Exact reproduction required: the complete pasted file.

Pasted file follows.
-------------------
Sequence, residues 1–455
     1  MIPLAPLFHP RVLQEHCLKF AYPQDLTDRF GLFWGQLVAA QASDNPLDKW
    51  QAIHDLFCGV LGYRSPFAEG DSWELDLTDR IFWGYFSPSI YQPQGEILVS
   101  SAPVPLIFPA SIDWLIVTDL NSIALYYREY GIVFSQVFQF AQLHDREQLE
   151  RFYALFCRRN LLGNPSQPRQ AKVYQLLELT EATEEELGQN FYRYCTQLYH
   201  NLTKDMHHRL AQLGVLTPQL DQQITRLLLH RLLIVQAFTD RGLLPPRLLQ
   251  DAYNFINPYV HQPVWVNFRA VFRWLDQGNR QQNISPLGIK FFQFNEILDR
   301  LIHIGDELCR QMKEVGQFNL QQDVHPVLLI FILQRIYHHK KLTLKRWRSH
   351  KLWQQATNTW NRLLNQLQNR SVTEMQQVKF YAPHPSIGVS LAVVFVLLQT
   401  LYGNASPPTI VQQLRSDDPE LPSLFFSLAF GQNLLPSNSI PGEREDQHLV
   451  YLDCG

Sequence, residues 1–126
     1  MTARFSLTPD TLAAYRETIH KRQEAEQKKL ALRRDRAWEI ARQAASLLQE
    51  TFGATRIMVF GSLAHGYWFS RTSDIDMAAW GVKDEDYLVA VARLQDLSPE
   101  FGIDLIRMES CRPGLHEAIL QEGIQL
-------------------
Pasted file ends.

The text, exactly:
Sequence, residues 1–455
     1  MIPLAPLFHP RVLQEHCLKF AYPQDLTDRF GLFWGQLVAA QASDNPLDKW
    51  QAIHDLFCGV LGYRSPFAEG DSWELDLTDR IFWGYFSPSI YQPQGEILVS
   101  SAPVPLIFPA SIDWLIVTDL NSIALYYREY GIVFSQVFQF AQLHDREQLE
   151  RFYALFCRRN LLGNPSQPRQ AKVYQLLELT EATEEELGQN FYRYCTQLYH
   201  NLTKDMHHRL AQLGVLTPQL DQQITRLLLH RLLIVQAFTD RGLLPPRLLQ
   251  DAYNFINPYV HQPVWVNFRA VFRWLDQGNR QQNISPLGIK FFQFNEILDR
   301  LIHIGDELCR QMKEVGQFNL QQDVHPVLLI FILQRIYHHK KLTLKRWRSH
   351  KLWQQATNTW NRLLNQLQNR SVTEMQQVKF YAPHPSIGVS LAVVFVLLQT
   401  LYGNASPPTI VQQLRSDDPE LPSLFFSLAF GQNLLPSNSI PGEREDQHLV
   451  YLDCG

Sequence, residues 1–126
     1  MTARFSLTPD TLAAYRETIH KRQEAEQKKL ALRRDRAWEI ARQAASLLQE
    51  TFGATRIMVF GSLAHGYWFS RTSDIDMAAW GVKDEDYLVA VARLQDLSPE
   101  FGIDLIRMES CRPGLHEAIL QEGIQL